The charts that show how Deng Xiaoping unleashed China’s pent-up capitalist energy in 1978

Deng created a series of special economic zones for foreign investment that were relatively free of the bureaucratic regulations and interventions that hampered economic growth. These regions became engines of growth for the national economy. During this period, Deng Xiaoping's policies continued beyond the initial reforms. Controls on private businesses and government intervention continued to decrease, and there was small-scale privatization of state enterprises which had become unviable.

A notable development was the decentralization of state control, leaving local provincial leaders to experiment with ways to increase economic growth and privatize the state sector. Although the economy grew quickly during this period, economic troubles in the inefficient state sector increased. Heavy losses had to be made up by state revenues and acted as a drain upon the economy.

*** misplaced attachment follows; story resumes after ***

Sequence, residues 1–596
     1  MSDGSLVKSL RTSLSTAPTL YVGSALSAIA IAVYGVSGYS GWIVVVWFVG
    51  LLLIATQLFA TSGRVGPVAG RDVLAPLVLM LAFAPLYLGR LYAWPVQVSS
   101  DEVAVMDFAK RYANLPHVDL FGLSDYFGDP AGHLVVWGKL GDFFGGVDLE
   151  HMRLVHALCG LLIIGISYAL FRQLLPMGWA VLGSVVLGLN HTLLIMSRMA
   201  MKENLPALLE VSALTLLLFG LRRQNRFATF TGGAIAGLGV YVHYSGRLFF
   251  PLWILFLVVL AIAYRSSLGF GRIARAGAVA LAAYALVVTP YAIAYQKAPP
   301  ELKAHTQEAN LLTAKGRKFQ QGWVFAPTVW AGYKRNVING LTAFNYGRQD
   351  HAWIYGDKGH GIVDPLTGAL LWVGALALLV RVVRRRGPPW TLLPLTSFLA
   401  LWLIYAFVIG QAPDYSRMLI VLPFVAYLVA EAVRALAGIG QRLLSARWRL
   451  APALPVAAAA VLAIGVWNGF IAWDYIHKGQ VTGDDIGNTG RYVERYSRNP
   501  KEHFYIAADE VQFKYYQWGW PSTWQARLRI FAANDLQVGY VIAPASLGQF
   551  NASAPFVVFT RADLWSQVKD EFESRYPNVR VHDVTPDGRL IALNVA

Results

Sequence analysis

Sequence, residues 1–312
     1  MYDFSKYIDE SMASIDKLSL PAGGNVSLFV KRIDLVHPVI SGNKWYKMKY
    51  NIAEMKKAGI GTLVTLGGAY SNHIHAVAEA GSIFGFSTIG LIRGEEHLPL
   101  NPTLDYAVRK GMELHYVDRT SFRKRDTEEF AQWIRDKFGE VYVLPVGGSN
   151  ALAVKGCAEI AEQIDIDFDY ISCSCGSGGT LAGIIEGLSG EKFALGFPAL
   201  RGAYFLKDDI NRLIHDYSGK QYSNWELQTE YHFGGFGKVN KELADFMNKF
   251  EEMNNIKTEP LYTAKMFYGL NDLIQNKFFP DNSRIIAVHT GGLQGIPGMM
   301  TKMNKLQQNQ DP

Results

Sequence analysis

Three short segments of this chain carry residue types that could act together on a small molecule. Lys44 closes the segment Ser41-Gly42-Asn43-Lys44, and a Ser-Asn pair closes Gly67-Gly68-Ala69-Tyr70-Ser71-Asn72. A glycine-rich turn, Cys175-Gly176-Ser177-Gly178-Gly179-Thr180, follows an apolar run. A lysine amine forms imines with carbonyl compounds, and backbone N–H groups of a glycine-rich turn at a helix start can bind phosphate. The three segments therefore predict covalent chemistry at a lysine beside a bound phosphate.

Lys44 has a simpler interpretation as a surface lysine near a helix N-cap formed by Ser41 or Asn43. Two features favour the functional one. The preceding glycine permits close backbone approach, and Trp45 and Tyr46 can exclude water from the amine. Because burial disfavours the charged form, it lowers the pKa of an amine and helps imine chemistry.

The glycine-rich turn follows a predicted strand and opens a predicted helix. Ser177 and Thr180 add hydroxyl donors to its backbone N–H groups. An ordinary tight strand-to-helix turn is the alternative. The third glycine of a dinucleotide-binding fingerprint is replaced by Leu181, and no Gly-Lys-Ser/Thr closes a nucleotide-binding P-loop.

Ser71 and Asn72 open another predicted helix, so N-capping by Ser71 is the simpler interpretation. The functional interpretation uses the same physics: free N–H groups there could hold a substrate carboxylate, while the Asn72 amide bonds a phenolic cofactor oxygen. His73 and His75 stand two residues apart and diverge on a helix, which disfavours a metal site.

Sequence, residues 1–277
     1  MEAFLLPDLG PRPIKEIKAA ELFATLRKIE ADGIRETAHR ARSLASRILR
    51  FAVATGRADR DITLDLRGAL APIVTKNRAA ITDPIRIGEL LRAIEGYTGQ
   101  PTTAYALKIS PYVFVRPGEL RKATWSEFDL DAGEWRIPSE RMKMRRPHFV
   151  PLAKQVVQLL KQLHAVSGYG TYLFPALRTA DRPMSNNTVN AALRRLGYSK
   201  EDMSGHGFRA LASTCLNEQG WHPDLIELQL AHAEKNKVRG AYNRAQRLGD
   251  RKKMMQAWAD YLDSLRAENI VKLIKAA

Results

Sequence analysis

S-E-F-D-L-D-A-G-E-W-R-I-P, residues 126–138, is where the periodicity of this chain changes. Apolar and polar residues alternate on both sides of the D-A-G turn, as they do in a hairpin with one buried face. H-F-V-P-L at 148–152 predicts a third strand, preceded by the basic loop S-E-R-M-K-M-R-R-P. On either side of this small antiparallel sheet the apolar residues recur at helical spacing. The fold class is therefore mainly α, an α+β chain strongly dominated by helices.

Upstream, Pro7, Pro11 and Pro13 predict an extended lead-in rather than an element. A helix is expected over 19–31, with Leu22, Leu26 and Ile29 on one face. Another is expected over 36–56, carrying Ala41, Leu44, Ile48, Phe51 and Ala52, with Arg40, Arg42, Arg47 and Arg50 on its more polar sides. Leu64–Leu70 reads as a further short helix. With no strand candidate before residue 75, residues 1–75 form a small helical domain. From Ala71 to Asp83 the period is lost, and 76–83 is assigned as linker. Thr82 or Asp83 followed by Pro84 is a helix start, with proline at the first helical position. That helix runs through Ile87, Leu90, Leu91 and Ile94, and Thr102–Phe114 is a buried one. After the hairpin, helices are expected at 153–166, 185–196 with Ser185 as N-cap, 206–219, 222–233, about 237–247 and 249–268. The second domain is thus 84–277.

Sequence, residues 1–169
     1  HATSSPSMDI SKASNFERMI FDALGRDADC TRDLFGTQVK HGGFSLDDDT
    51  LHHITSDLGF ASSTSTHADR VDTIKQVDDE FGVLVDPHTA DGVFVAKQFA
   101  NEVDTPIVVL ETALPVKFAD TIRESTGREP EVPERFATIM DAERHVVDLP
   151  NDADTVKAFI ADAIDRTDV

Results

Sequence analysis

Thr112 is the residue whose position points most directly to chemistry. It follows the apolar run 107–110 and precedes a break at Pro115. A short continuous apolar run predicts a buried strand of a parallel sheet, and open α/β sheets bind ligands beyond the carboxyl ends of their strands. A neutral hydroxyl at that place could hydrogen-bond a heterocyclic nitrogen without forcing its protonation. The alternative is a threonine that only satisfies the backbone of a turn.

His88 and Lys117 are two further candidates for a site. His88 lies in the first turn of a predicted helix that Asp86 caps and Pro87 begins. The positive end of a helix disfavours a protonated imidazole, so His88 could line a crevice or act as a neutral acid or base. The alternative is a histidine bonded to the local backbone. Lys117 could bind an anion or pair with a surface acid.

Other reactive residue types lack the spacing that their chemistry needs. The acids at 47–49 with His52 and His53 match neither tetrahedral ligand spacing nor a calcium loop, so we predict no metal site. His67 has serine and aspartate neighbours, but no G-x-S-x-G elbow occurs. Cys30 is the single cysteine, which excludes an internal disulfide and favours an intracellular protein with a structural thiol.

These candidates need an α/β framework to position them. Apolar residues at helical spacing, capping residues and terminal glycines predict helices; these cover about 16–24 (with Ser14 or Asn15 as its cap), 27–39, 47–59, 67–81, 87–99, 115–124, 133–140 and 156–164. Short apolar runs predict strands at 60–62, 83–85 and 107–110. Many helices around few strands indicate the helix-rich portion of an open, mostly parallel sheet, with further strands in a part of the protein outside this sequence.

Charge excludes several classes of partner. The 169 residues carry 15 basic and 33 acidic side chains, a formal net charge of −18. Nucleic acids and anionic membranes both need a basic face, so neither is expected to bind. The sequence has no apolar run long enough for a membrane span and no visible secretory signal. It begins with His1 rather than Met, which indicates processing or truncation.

World Bank sees policy reforms as crucial to economic growth in MENA | | AW

China's government slowly expanded recognition of the private economy, first as a "complement" to the state sector and then as an "important component" of the socialist market economy. In the s, Deng forced many of the conservative elders such as Chen Yun into retirement, allowing radical reforms to be carried out. In and , large-scale privatization occurred, in which all state enterprises, except a few large monopolies, were liquidated and their assets sold to private investors.